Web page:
Ariel Pink's Haunted Graffiti
"Step into my time warp now," Ariel Pink sings on Is This the Best Spot? from Mature Themes. That time warp leads directly to a phantasmagoric mishmash of 1970s radio memories, both FM and AM, that is as indebted to Frank Zappa as it is to Hall & Oates, to Sparks as to Gary Numan, to Brian Eno as to Curtis Mayfield.
The album whiplashes among styles, from goofy ephemera (with proudly immature themes) such as the trudging, distorted Schnitzel Boogie and the synth-pop-meets-spaghetti-western Symphony of the Nymph to catchy, irresistible keepers such as the shimmering, harmony-rich Only in My Dreams and the slinky, soulful Baby, an obscure cover of a Donnie and Joe Emerson non-hit.
Pink, the Los Angeles-based musician who was discovered by the hipster rock icons Animal Collective, has left behind his lo-fi roots, even more so than on 2010's offering, Before Today, but he hasn't abandoned his unpredictability.
Coherent it's not: it's head-scratchingly diverse, but it's a time warp worth exploring.
Steve Klinge (McClatchy-Tribune)
A Thing Called Divine Fits
A patchwork of other patchworks, the indie-rock musicians who make up Divine Fits sometimes seem like rock fans above all else: Britt Daniel from Spoon, Dan Boeckner from Wolf Parade, and Sam Brown from the New Bomb Turks.
Which is to say that if their own bands are kind of meta-rock, the trio are kind of meta-meta-rock. Depending on the track, Divine Fits sound like a new-wave guitar band, a synth-pop act, a garage band or an early '70s drone-rock experiment.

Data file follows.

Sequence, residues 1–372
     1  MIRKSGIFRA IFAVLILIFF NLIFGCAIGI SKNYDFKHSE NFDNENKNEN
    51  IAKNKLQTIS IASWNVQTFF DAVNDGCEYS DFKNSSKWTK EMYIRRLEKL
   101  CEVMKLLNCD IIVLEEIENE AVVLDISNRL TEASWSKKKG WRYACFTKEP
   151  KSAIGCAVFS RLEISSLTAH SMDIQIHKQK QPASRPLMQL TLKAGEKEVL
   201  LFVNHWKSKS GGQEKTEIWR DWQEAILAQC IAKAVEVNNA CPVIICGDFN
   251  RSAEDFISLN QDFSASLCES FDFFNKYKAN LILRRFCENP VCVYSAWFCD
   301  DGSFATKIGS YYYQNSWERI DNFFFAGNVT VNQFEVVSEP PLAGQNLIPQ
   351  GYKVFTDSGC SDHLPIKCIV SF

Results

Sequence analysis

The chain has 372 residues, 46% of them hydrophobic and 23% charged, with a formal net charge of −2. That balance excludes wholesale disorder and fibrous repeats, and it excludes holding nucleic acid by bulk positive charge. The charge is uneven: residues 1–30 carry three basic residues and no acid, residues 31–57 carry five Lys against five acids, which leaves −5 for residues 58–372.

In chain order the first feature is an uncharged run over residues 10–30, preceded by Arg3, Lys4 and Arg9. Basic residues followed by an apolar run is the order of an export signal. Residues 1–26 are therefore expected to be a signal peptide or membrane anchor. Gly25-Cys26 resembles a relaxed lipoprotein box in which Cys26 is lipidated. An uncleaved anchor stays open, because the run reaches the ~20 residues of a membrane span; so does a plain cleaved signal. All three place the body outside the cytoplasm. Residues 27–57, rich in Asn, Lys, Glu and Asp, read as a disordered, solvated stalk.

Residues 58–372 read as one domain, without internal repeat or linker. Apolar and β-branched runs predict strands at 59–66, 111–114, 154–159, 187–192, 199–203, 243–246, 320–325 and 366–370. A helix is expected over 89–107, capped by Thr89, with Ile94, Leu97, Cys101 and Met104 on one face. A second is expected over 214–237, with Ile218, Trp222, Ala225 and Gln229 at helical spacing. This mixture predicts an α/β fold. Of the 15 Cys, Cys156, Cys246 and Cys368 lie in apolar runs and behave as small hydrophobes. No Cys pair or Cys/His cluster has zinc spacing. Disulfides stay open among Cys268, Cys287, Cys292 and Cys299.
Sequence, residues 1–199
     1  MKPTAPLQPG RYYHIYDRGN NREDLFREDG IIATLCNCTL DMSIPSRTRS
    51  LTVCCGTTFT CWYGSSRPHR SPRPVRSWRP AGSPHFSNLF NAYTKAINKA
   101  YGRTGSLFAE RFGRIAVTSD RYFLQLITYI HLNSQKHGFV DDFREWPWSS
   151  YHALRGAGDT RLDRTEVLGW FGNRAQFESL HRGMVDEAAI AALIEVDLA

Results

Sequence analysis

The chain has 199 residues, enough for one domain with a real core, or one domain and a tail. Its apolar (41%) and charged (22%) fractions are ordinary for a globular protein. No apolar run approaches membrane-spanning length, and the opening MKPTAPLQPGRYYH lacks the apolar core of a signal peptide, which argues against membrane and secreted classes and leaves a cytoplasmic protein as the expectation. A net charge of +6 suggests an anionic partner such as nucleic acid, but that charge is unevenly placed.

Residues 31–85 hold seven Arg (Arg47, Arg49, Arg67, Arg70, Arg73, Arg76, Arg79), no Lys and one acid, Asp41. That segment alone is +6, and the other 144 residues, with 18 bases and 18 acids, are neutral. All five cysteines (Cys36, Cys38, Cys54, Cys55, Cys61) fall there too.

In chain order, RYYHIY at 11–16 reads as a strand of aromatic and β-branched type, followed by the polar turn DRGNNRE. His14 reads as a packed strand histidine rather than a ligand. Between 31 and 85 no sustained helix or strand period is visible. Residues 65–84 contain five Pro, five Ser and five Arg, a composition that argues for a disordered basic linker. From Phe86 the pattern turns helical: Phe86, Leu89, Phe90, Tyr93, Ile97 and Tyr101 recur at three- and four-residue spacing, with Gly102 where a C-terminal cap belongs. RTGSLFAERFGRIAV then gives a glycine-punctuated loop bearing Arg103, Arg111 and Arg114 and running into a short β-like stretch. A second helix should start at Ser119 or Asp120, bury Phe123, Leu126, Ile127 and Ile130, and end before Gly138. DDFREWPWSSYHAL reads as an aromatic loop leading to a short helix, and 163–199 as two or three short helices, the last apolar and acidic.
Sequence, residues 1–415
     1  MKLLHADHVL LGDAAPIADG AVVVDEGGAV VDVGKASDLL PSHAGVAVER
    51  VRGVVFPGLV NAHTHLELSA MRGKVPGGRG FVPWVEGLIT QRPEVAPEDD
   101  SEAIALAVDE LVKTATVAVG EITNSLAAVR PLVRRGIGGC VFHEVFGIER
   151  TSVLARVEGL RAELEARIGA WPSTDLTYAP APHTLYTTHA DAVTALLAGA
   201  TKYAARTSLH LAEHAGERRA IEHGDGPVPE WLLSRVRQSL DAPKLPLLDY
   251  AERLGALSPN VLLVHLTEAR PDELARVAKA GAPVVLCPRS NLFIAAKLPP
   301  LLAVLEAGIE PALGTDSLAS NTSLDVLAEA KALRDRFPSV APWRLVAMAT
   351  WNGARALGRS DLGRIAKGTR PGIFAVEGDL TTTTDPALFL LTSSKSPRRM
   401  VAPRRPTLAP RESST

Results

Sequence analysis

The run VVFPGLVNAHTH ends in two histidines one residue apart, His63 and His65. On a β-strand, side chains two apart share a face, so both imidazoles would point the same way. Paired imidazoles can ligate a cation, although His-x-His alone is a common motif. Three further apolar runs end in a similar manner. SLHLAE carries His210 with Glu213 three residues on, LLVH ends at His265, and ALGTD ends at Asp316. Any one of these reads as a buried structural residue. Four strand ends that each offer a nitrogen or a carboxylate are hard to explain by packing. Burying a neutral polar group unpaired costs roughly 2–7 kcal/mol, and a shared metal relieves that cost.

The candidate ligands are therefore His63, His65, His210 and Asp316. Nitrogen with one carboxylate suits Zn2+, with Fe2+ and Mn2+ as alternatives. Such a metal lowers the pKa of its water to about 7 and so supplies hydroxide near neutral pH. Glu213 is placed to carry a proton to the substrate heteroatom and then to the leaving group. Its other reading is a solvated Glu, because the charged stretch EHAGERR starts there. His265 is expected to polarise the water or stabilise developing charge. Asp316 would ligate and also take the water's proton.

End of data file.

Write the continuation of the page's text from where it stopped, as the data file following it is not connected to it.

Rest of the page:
Having two singers doesn't split the record in half; there seems to be an almost brotherly relationship here. Boeckner's voice is broad and calm and comes from the chest; Daniel's voice is thinner and slouchier and stranger. Each sings his own songs, and occasionally each other's. But there's a funny continuity between Boeckner and Daniel, like Cannonball Adderley and John Coltrane on Miles Davis' Kind of Blue. Somehow, on deeper levels, they overlap.
A Thing Called Divine Fits is full of poses and acts; the bandmates seem to believe in indie rock maybe a little more than they need to.
Ben Ratliff (The New York Times)
On his fifth full-length album, pop-electronic artist Matthew Dear has toned down the dark edginess of his earlier releases for a more accessible but less memorable album.
Dear is one of the more challenging artists working with electronic music, winning plaudits in 2010 with Black City, his fourth and most critically acclaimed work.
The 11 tracks of Beams feature some stand-out tunes - Headcage, the only track from last year's eponymous EP to make it to the album, is the weirdest. With a bubbling, underwater quality reminiscent of the film The Abyss and distant, robotic vocals that are sexy in their withheld emotion, it's also the most compelling track.
There's the uplifting and tender Ahead of Myself, a nostalgia-filled song punctuated with breathless, staccato synth beats, a version of which Dear includes on every album. Other good tunes feature memorable bass lines, or industrial or even calypso influences. But for all its bright spots, Beams lacks a lot of the quirkiness and emotional connection that made Dear's earlier albums cult hits.
Katherine Silkaitis (MCT)